Michael J. Bowman (all instruments) has been chugging out home-crafted quirk-Pop and ear-friendly experimental songs for what?...almost 12 years.  He was a frequent mention in the OP offshoots of the mid-to-late 80's, and what makes SUP FOO? worth trying out is his unique approach to doing things as a one-man-band.  He's a fine drummer, a solid guitarist, a reedy singer, and has a very firm handle on his home studio. The song Commodore 64 reeks with late-Beatles G. Martin nuance - particularly in how MJB's arranged those descending figures.  Lyrics?  Here are some snaps:  "I'm a cow...MEOWWWW!", "I want you to come to me without a stitch of clothing on", "If I laugh at your stupid jokes, it's just because I'm kissing your ass",....I love this variety!  Bowman occupies an uncrowded area in contemporary music where humor, intelligence, honesty, and passion thrive and percolate.  Had he been born in 1947, we all would have heard him on AM radio in 1968. 
"Explaining the Name / "Death Valley 69"  EP
F.G. is Australian "D.I.Y. chaos" artist Graham Halliday.  He's a member of Vocabularinist, and other groupings; and is fixing to issue a 20 year anniversary tribute record of Sonic Youth covers (and therein may lay a key to his musical motivations).  He recently sent me a collection of unaccompanied solo recordings which I added solo recording to for our first 'improvisational duets  series' disc together - which proved to put me into an enormous learning curve in order to fathom FG's clearly deliberate, tho' inscrutable sonic logic.  Here he gathers five pieces that clock in at appx. 10 minutes.
Jagged and abrasive like sandpaper on teeth...harsh guitar skronk...Beefheartian rhythmic splatters and angles.  Quite frankly, unlike anything or anyone else I've ever heard.  How rare.  Everyone who thinks they've "heard it all", hasn't.

"Out of my Face"  CD
Time constraints and finger-fear (ok, Laziness) prohibits listing ALL of the players/improvisors here, but I will list the soundsources on this splendid 'collaboration' betwixt North Carolina's M-EC and NYC's Dr. Nerve:  dbl bass/cornet/slide trumpet/'trumbone'/all saxophones/all clarinets/trombone/cello/oboe/ocarina /'swoona'/slide whistle/'soundspicuous'/tuba/piano/percussion/flugelhorn/ vibes/flute/guitar/and shakuhachi flute.
I improvise, and 20 years of it has taught me that the more improvisors gathered, the greater the likelihood of a big bloody pileup and anarchic disaster - particularly when the record button is pushed.  Live, such things are 'forgivable', owing to the excitement of being there.  To their LARGE credit, Micro-East Collective have yet (to these ears) to suck at being huge.  They're PHAT, but never just fat.   If you enjoy improvised music, this is one of the very few places one's ears can go to hear a big-band do it spiffily.  Frankly, I can't differentiate M-EC from The Nerve here, nor feel a need to.  The ensemble-improvising possesses focus, a keen respect for space, clean humor (you can hear the audience cracking up), and in the historical context of 9/11/2001, serves as a model for how disparate viewpoints and stances can gather, tolerate, learn in real-time about others, and smile.  Gleaned from two live performances, one in each contributing band's home-zone.  Just plain, awfully good, evocative listening.

"Beyond Fake"  CD
California DIY radio-personality/singer-songwriter/guitarist Campau continues his long track record of self-produced Pop/un-Pop/Huh?-Pop; tapping into the diverse talents of Achim Treu, Toshi Hiraoka, Dan Susnara, Joe Menichetti, Aku Tardiff, and John Susnowski to flesh-out his compositions.  What do they sound like?  Well, first off - JUST LIKE DON.  Also, like Remain in Light-era David Byrne, early Ultravox, 'Duke of Prunes'-era Zappa, late-Police...God, it just goes on and on.  Well (and interestingly) produced - meaning that there is a vast digression from the 3 or 4 styles available on popular radio here in the culturally vague 21st century.  The crux of the biscuit is Campau; because it's his voice, and its sort of Don Pardo directness, that squats atop every piece.  No matter what he says, implies, or infers sounds urgent.  It is.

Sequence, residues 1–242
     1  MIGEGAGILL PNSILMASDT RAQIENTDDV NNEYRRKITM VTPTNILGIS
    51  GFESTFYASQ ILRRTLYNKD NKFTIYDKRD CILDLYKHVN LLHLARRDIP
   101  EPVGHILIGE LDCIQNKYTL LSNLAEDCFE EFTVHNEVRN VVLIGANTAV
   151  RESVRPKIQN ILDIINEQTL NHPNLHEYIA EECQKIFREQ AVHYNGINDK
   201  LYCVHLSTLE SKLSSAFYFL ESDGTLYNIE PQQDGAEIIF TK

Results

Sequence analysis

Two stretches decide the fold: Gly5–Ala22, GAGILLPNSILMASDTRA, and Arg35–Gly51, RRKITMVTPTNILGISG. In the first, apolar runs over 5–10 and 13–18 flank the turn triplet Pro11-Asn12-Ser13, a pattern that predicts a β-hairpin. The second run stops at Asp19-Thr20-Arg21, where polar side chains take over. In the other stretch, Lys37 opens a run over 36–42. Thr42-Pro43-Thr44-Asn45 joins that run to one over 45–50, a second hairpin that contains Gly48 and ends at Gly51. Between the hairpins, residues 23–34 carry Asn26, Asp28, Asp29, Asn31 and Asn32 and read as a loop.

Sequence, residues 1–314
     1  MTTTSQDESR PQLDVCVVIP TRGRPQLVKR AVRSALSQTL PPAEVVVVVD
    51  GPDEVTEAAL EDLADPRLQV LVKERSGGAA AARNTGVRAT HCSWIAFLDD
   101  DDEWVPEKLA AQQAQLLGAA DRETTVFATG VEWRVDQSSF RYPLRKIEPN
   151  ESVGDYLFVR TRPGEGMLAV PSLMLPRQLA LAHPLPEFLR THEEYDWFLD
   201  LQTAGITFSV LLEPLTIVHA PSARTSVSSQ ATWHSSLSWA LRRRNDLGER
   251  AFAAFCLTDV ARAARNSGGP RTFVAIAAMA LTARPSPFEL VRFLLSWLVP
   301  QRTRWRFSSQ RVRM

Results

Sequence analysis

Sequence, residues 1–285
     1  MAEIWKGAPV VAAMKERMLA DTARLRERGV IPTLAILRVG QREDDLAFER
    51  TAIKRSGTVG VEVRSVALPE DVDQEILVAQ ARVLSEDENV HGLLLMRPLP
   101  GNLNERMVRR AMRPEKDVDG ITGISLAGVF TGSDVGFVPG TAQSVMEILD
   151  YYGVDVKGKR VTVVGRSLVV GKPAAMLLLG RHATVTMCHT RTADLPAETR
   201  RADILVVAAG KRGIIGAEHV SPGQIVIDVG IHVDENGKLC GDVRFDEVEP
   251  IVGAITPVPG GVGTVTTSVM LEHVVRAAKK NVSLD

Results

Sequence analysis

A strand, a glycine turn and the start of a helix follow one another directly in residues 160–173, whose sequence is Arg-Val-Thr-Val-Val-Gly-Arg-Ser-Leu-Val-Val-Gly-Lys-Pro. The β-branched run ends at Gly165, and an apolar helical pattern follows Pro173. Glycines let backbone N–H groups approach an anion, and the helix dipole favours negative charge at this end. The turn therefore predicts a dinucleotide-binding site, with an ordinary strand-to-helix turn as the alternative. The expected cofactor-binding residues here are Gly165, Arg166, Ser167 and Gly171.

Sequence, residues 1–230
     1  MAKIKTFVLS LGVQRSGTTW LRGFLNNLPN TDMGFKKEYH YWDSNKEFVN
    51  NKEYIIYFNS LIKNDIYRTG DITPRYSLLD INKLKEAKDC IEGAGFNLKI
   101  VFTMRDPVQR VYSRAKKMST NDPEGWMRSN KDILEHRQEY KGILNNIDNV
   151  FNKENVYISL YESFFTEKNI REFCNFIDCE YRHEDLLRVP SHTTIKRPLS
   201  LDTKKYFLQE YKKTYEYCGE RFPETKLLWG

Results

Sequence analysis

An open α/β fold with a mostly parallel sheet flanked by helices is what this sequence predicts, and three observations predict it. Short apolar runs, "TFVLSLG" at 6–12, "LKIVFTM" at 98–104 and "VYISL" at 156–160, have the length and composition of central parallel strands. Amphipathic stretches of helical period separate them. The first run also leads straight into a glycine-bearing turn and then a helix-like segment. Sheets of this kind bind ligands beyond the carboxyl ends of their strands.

"Burning Palms"  CD
In the past, there was the hurdy-gurdy.
San Francisco instrument-builder/improvisor/author/collaborator Tom Nunn gathers here ten solo improvisations performed on the Octatonic T-Rodimba, "constructed fom a 3/4" birch plywood sheet with 33 threaded steel rods bent at 90 degree angles attached to the board in groups of 11...the instrument is fully chromatic through a range of an octave and a fourth...in addition to the rods, there are three 'zing trees' (...making gong-like sounds when struck), a pair of strings connected with a small steel washer, a line of finishing nails with random pitches,...textured surfaces for scraping, a loose fitting bolt to make chirping sounds, and a couple of aluminum discs...which are scraped or struck" - one of many instruments of his own invention.
YEESH!  (And I thought a trombone was tough to play.)
From this visually attractive instrument, Nunn coaxes a symphonic variety of sounds and moods, many non-Western in timbre and tone.  At times, I am reminded of the traditional Korean ensembles I heard at Min-Sok-Chon, with gamelan-like density, intensity, and vigor.  May hurt some to play the thing, and hence this collection's title.
Absolutely beautiful music, and it is improvisation.  'magine that.  Get this CD now.

"Feed"  CD
Another new Michael J. Bowman disc, which starts right off with 2 minutes of some fantastic musique-cement snippet collage which segues into wall-o'-fuzz chordal jam that chugs along for a minute and a half before morphing into something that rocks differently beneath a Casio sky and distorto-percussionscape with scary unintelligible comment over the top...then it's that alley behind Eraserhead's house for a moment...then some post-New Wave dance thread with Morricone-ish guitar reverb-spiders barking over that flanged horizon.  Folks, for one tune, that's some mileage!  I love hearing cheap keyboards played really interestingly, and Bowman sounds like he's got the really saucy ones in his home studio.  The confidence with which Bowman deploys strange ideas is refreshing.  For example, on this 4'30" piece ("My Posthumous Baptism"), there's what sounds like a backwards cymbal crash swooshing gently and steadily along in the background - independently of the rhythm of the song - sounding sort of like surf.  Guh-roovy.

 Summer 2001 edition
Summer/Autumn 2001 edition